This 2 year old female was found with a fractured front right leg and a baby in her pouch. 3 hours of intensive surgery performed by our vet and Dr Scott Rose at SA Vet Referrals was needed to repair the fracture. Mum and bubs had 10 weeks of recovery with one of our dedicated carers but recovered well.
Often when birds are hit by cars, or have flown into a window, they break their beaks. Beak repair is notoriously hard as it has to be very strong and shaped properly for the bird to be able to eat.
This musk lorikeet came into the clinic with her beak hanging on by a thread. We removed the dying piece of beak so we had a template for repair. After a few days of feeding her soft food while we tried to figure out the best way to repair it we came up with the idea of using acrylic!
The beak was gently glued back to hold it in place then acrylic was applied over the top to render the beak hard.
The musk lorikeet is now eating very well and should be released within the next week.
Farrah's Toe Amputation
Farrah is a young Brushtail Possum that came into the clinic after being burnt by electrical wire. She had severe burns to one of her front feet, but otherwise was not badly affected.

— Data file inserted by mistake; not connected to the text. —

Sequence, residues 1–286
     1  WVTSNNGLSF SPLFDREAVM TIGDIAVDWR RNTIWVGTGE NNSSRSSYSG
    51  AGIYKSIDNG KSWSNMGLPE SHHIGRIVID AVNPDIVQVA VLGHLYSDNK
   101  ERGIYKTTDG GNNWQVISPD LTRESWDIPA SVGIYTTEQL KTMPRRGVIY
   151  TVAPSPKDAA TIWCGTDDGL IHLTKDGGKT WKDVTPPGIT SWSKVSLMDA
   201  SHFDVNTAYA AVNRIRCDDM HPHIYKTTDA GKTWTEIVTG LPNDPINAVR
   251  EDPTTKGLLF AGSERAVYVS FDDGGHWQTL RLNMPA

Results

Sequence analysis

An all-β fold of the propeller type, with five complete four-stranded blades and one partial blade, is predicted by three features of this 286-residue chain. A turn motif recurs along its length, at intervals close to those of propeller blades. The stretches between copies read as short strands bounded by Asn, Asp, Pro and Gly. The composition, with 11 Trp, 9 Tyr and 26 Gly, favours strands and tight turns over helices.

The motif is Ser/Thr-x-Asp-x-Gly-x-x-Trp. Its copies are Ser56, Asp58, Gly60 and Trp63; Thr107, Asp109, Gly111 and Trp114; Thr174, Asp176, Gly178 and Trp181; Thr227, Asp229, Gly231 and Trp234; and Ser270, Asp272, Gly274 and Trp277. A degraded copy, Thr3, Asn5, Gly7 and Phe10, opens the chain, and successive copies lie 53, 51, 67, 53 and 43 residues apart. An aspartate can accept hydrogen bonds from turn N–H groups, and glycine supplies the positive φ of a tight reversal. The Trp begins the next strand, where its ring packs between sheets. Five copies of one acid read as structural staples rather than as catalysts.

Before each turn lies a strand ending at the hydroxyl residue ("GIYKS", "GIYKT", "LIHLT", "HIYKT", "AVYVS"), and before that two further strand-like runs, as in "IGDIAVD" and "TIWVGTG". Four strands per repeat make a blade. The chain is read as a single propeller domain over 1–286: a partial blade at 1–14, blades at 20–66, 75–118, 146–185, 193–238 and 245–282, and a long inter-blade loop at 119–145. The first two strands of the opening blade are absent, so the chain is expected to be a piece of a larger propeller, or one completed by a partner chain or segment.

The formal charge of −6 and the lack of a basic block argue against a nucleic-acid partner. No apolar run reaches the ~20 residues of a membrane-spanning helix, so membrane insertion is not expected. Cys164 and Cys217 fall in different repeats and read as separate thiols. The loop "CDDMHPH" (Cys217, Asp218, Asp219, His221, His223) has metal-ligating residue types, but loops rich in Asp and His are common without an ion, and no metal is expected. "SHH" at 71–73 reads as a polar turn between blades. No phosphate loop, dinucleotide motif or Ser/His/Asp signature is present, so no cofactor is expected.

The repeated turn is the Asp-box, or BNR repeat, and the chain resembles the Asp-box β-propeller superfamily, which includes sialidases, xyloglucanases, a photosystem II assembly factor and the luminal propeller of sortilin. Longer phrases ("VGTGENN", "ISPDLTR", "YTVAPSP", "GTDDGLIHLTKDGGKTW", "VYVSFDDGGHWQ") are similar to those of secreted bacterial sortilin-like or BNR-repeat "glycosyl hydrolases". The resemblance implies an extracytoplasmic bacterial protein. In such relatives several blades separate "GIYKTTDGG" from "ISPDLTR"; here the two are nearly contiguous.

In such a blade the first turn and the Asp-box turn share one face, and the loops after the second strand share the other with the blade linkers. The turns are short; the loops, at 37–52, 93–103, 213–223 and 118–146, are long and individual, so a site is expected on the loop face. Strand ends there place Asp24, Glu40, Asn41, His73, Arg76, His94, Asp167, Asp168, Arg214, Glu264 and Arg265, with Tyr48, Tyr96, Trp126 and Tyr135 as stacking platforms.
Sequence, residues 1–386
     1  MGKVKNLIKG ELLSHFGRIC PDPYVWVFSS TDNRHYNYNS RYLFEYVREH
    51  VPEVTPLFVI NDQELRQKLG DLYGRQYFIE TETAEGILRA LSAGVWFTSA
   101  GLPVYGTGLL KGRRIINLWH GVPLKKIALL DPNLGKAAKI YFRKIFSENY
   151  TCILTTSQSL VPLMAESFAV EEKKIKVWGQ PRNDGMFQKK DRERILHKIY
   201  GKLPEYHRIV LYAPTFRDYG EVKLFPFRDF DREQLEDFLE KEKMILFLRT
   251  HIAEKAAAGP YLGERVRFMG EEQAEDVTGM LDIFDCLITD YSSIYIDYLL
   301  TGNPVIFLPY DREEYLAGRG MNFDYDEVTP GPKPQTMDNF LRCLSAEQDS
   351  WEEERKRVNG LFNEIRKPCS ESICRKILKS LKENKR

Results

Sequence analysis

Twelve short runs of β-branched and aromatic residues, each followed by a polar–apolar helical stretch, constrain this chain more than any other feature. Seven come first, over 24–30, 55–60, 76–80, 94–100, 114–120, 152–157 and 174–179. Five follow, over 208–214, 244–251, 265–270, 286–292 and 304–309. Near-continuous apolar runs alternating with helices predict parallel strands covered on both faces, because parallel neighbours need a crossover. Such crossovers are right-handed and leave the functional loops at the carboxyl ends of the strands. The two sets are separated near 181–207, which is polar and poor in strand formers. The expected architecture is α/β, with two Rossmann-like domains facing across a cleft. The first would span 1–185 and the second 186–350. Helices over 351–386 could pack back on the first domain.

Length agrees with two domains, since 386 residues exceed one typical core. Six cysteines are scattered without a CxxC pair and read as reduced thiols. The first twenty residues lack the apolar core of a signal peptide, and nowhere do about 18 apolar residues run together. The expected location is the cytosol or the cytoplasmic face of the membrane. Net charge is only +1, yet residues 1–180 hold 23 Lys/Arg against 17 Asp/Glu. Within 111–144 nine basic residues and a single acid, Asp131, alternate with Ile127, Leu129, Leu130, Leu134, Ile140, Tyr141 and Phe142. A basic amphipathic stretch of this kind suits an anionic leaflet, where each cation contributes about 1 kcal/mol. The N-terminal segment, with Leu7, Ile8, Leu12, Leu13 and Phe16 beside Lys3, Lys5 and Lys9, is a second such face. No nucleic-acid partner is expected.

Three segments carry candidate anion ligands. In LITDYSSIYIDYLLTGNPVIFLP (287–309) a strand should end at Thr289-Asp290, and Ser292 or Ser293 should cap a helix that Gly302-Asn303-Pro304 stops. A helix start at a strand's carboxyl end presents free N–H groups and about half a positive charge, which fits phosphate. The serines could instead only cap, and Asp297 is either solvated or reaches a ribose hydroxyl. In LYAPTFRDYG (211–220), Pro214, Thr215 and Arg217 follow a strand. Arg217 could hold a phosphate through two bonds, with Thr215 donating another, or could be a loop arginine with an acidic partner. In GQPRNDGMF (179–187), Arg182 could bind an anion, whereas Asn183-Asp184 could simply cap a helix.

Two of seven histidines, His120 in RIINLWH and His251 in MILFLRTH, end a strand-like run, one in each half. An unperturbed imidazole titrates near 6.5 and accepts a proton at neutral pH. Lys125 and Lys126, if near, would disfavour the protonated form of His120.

Ointments and bandages were applied to her foot but unfortunately one of the toes could not be saved. The toe was amputated under anaesthetic.
Farrah stayed with us for 10 days after the surgery so we could monitor for infection and ensure the wound healed well. She was then released back to her home in the wild.
Eye Removal After Being Hit by Car
This adult male koala was hit by a car and his left eye was badly damaged. Unfortunately it had ruptured and could not be saved. Lucky for him koalas do not need perfect vision to 'hunt' eucalyptus leaves so the decision was made to remove his eye so it didn't cause chronic pain.
The surgery was performed to remove his eye and he was released 7 days later, when we knew his stitches had healed well.
Gorgeous orphaned baby koalas often join us needing a little extra love and care before being big and strong enough to be released on their own.
Mange and Sarcoptes
Whilst our dedicated team do their utmost best to save the lives of our precious wildlife, unfortunately not all cases have a happy ending.
This middle aged female was found at the base of a tree in Adelaide’s eastern suburbs and tests revealed she was suffering from severe infection in her feet, hands and face due to fox mange or sarcoptes. The damage was extensive and sadly she passed away just 10 days into treatment.
Major Orthopedic Surgeries
This small fella was found in the carpark of the Belair Hotel in the Adelaide Hills late one night with severe life threatening injuries to his leg. Treatment began immediately followed by 3 hours of surgery performed by Dr Scott Rose and Dr Phil Hutt at SA Veterinary Referrals. The procedure involved pinning 3 fractures in his leg and stabilising with an external ring fixture. This is the first time this type of repair has been done on a koala in South Australia and possibly the country.
The extensive work and care given by our dedicated team saw this fella recover well. The pins were removed approximately 8 weeks later and he was a great prospect for release.